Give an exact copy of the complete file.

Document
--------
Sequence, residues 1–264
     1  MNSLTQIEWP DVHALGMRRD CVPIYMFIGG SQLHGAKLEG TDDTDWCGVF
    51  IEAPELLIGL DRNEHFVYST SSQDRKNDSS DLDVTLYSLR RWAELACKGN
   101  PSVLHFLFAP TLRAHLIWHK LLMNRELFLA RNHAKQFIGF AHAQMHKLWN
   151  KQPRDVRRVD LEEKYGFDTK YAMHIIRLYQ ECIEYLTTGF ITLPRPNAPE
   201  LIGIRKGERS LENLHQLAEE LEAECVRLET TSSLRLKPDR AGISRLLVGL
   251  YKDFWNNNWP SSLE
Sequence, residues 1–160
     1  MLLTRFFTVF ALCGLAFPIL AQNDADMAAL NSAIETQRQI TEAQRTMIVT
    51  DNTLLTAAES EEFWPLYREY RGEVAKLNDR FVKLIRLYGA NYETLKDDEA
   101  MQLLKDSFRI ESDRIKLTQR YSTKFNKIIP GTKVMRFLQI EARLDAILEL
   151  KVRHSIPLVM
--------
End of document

Sequence, residues 1–264
     1  MNSLTQIEWP DVHALGMRRD CVPIYMFIGG SQLHGAKLEG TDDTDWCGVF
    51  IEAPELLIGL DRNEHFVYST SSQDRKNDSS DLDVTLYSLR RWAELACKGN
   101  PSVLHFLFAP TLRAHLIWHK LLMNRELFLA RNHAKQFIGF AHAQMHKLWN
   151  KQPRDVRRVD LEEKYGFDTK YAMHIIRLYQ ECIEYLTTGF ITLPRPNAPE
   201  LIGIRKGERS LENLHQLAEE LEAECVRLET TSSLRLKPDR AGISRLLVGL
   251  YKDFWNNNWP SSLE
Sequence, residues 1–160
     1  MLLTRFFTVF ALCGLAFPIL AQNDADMAAL NSAIETQRQI TEAQRTMIVT
    51  DNTLLTAAES EEFWPLYREY RGEVAKLNDR FVKLIRLYGA NYETLKDDEA
   101  MQLLKDSFRI ESDRIKLTQR YSTKFNKIIP GTKVMRFLQI EARLDAILEL
   151  KVRHSIPLVM